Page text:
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The 5pm Salmon Fishing Blues

By 16th May 2021

After the elation & excitement of a brilliant day on a Scottish salmon river do you ever get to the end of a blank day when you're content but you just have that niggling inner feeling of what could have been! Sadly that feeling is felt by too many salmon fishers who've not been shown how to make a salmon take truly count!

Bad Salmon Hooking Habits

There's nothing more stubborn that I've ever seen than a salmon fisher who's set in their ways and continues to miss glorious quality opportunities to 'effectively' hook salmon. I'm not talking here about newcomers to the sport as they're easy being 'blank canvasses' to brainwash properly on hooking techniques. I'm referring to the old 'they'd rather not disclose it than fix it' brigade when it comes to hooking salmon. All salmon hooks 'logically' require sufficient pressure at the correct moment to be set 'effectively' as hooks don't magic themselves into a salmon's generally tough mouth flesh all by themselves!

Feel The Weight Before Lifting Your Rod

The above title does not state 'lift into the fish to then feel its weight' it clearly states 'feel the weight of the fish 'before' lifting into the fish'! If that isn't more logical than a big bag of logical things then I don't know what on earth is. If you time the tightening of your fly line by clamping your fly reel with the rod tip down to when the fish is swimming away from you all that is between you and the hook point is the braided core stretch of your fly line which means you don't need to be a physics professor to work out you'll set the hook! Keep lifting like a perfect salmon loss machine and sooner or later you're going to realise you're in the hands of the Gods whether your fish is going to stay on given the tough nature of the inside of a salmon's mouth and the 'useless' hook setting soft action of a salmon fly rod paired with a lightly set reel clutch (to correctly allow the fish to turn and draw away).

Spin Fishers Need To Know Too

If your riverbank movement is good enough to earn the take from a salmon while spinning on the Tay you've got no more than 5 second on contact with a fish to set the bigger hook of a 'Toby' or your fish will say bye bye prematurely! The biggest load of crap you'll here about that fantastic 'Toby' lure is that it's a bad hooker! That lure in the right hands is deadly and not just for attracting salmon but getting a firm grip of them too. The 'bad hooker' nonsense translates into 'incompetent fisher' due to anglers fishing the lure with a slack clutch setting and foolishly hoping that the fish will play 'tug of war' the same way a dog would on the front lawn with a bath towel! Make sure your spinning reel clutch is initially set tight enough to hook the salmon then loosen the clutch off a little to play the fish 'after' you've set the hook and watch your faith in the old 'Toby' soar sky high!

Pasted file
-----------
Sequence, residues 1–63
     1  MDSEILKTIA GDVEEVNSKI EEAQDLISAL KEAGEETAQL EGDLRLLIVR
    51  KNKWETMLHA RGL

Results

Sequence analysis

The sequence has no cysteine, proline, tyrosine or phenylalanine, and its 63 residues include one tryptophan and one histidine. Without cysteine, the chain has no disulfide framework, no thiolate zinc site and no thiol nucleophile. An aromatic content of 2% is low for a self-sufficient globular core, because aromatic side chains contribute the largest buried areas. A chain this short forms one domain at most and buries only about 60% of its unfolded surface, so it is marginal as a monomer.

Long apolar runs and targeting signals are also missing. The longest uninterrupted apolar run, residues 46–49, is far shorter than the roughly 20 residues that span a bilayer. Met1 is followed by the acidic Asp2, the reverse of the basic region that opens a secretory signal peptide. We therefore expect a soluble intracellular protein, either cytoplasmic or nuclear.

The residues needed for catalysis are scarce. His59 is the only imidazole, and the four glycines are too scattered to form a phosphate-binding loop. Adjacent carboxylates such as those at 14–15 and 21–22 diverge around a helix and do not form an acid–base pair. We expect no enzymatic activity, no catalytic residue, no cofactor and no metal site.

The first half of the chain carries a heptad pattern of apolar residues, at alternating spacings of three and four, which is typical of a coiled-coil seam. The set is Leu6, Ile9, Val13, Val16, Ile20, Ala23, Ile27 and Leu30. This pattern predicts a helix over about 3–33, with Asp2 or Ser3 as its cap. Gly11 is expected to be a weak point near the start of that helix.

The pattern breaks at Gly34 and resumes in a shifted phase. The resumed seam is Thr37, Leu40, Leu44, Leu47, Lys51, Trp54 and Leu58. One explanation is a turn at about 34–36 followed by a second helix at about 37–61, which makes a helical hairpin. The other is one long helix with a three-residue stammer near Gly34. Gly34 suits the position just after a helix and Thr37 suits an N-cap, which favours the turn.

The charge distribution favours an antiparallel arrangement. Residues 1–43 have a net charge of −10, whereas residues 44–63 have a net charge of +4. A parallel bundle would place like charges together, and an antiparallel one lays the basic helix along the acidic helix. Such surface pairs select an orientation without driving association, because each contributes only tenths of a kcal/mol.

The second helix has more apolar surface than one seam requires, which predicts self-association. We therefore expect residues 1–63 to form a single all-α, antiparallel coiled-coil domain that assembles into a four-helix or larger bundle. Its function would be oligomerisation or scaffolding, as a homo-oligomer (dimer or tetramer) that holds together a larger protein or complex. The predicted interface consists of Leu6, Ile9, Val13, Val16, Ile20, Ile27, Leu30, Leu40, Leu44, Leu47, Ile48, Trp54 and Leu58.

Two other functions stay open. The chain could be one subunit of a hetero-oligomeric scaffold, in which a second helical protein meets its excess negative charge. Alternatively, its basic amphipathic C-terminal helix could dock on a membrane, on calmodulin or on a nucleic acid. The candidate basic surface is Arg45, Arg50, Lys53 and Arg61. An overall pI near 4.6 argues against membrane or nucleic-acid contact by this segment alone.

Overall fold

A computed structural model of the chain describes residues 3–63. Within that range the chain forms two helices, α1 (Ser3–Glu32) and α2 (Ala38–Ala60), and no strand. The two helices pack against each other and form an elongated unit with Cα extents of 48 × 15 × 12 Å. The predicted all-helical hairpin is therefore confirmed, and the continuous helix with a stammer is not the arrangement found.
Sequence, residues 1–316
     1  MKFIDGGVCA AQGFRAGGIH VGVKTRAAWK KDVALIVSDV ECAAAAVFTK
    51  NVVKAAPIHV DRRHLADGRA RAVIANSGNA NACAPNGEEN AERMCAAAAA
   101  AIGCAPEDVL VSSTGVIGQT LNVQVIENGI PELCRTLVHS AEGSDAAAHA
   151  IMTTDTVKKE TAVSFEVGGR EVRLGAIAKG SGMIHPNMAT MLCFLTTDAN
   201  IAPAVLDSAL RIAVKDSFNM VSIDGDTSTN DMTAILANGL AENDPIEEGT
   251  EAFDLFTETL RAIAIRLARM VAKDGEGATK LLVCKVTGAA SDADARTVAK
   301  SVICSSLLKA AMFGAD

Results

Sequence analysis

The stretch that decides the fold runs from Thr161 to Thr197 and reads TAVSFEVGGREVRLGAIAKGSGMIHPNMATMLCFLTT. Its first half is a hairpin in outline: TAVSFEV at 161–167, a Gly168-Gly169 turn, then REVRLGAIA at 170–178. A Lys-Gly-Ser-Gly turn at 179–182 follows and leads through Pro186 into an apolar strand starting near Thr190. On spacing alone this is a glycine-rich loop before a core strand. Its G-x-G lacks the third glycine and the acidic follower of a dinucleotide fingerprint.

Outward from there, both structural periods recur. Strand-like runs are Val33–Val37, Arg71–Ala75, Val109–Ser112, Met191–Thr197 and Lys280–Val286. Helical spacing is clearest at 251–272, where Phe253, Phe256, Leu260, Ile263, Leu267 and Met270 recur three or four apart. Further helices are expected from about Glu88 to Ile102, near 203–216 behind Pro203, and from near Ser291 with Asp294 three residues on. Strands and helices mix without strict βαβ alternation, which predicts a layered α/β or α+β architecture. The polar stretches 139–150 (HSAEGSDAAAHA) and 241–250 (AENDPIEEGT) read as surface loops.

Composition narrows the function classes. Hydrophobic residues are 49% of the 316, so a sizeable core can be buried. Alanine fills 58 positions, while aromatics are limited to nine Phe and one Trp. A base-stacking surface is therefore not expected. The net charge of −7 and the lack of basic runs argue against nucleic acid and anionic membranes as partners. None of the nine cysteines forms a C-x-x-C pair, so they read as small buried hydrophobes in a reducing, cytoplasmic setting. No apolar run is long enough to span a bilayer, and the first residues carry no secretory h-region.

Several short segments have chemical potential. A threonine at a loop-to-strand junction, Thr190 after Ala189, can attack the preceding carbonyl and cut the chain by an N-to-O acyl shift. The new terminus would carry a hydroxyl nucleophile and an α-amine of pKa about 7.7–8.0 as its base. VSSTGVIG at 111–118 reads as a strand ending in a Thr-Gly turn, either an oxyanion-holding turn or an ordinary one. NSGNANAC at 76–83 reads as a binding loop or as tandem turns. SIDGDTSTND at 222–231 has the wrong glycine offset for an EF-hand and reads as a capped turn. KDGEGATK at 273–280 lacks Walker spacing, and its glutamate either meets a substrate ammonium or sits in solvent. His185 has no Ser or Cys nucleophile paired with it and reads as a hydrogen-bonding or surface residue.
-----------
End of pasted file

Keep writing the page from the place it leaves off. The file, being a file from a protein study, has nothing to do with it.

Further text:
Thousands Of Lost Salmon Hooking Opportunities

The thing that cracks me up the most having watched the 'debacle' going on for decades is that it'll be effecting the local economies by making rivers appear to have less salmon in them. Often I hear of dozens of 'golden' opportunities on the Tay that were squandered by anglers who don't technically know what they are doing. That frustrates me as any ghillie wants to see that amazing salmon smile on an angler's face after the successful conclusion of battle with a perfect super fit Scottish salmon. The second a fish does feel the hook it's objective is to get rid of it and they are true masters at doing so unless you've 'clinically' set the hook to a degree where the fish would need to break your line to escape the landing net!

The Amazing Taking Consistency Of Scottish Salmon

I know for a fact due to the 'high' consistency level of squandered salmon hooking opportunities that angler incompetence plays its part in our game these days. The take to landed salmon ratio for the average salmon fisher at best would be about 3 to 1 from what I've seen. Think about the positive impact of these other 2 salmon being landed for salmon fisher retention in this sport and the sheer 'economic value' to Scotland. Science based (mis)information advises that we are in a salmon stock down turn even though it's impossible to truly know (as long as salmon angler rod catches are all we've got as a measuring tool) however the majority of anglers could play their part by obtaining the necessary salmon hooking skills to allow them more consistency at turning their hard earned salmon takes into fish for the Scottish river 'dependent' scoresheets.